Will you be able to help my partner see how they need to change?
“This is probably the misconception many people walk in with – that one partner will express to me how they feel, and then I’ll help translate that for their partner to get them on board with the first partner’s needs,” says social worker, Lynn R. Zakeri. While she will help translate, she does it for both parties, she says. One scenario might be that the wife always gets mad when the husband hangs out with his friends. His agenda is that she be more understanding; hers is that he should hang out with her instead. “My role is to get to the underlying feelings about this,” she says. Does she not feel prioritised? Does he feel she is too controlling? Is there a lack of trust? “These questions help them get past the idea that going out with friends is a defining moment of the relationship,” she says.
How can I possibly take them back when my family is so mad?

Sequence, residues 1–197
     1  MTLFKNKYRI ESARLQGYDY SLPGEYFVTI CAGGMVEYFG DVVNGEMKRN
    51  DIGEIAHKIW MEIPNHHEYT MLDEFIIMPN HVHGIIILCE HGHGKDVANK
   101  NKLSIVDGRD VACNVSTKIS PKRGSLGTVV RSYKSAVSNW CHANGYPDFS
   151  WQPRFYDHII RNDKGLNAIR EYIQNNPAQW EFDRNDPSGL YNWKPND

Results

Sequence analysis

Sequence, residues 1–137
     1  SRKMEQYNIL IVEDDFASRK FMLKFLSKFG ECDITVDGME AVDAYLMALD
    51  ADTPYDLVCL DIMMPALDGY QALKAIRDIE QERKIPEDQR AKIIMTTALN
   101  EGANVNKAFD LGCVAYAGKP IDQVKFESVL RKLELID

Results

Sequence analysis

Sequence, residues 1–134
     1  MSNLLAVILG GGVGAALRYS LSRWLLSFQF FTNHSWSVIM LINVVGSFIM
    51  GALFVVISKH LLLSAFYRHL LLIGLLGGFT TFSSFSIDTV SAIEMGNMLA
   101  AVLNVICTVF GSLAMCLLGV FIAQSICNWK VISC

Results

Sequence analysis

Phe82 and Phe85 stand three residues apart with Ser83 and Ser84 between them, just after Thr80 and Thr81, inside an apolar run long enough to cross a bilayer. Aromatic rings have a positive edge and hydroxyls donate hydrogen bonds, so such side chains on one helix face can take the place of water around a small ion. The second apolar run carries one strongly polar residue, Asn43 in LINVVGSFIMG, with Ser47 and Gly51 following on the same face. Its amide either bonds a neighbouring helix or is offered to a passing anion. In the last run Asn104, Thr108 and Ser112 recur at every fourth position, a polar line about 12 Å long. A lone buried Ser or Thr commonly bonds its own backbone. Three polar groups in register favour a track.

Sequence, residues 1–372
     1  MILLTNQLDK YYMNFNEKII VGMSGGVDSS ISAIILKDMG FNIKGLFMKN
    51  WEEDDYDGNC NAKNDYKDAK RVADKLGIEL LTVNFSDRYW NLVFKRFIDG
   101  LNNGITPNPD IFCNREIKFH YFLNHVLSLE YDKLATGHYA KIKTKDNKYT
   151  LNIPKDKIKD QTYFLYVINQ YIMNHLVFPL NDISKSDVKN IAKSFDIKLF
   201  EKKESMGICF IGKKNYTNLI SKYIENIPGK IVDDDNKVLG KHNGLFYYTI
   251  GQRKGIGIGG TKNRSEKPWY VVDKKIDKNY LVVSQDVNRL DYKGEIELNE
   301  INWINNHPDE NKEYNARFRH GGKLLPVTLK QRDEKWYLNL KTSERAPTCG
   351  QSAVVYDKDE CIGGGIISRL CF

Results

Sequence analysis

“When there’s been a major betrayal like an affair, friends and family leap to the defence of the cheated-on partner,” says marriage and family therapist, Jill Whitney. “They’re mad at the person who was unfaithful and usually tell the betrayed person to leave the relationship.” However, Whitney advises the betrayed partner to politely ask people to back off. “They can say something like, ‘I appreciate your support and that you want to protect me. But I need to figure this out myself. Chris and I are seeing a therapist. I want to see if we can make it work. Please keep loving me, but give me space to decide what’s best for me.”
Shouldn’t my spouse know what I need after all these years?
“Even if you’ve been married a long time, you shouldn’t expect to your spouse to know what you’re thinking,” says social worker, Sarah Mandel. “Nothing is better than communication when you’re unsure what your partner needs [or your needs aren’t being met]. These are some of the skills that I help my couples with when they experience this frustration with each other.” If you want to understand your spouse, ask for clarification and give each other the benefit of the doubt, she says. “Both of you want the same thing – a happy marriage and to be understood,” she says. When you speak, focus on each other and the conversation, without being defensive. “Express your feelings, but also listen to your partner’s needs, too,” she says.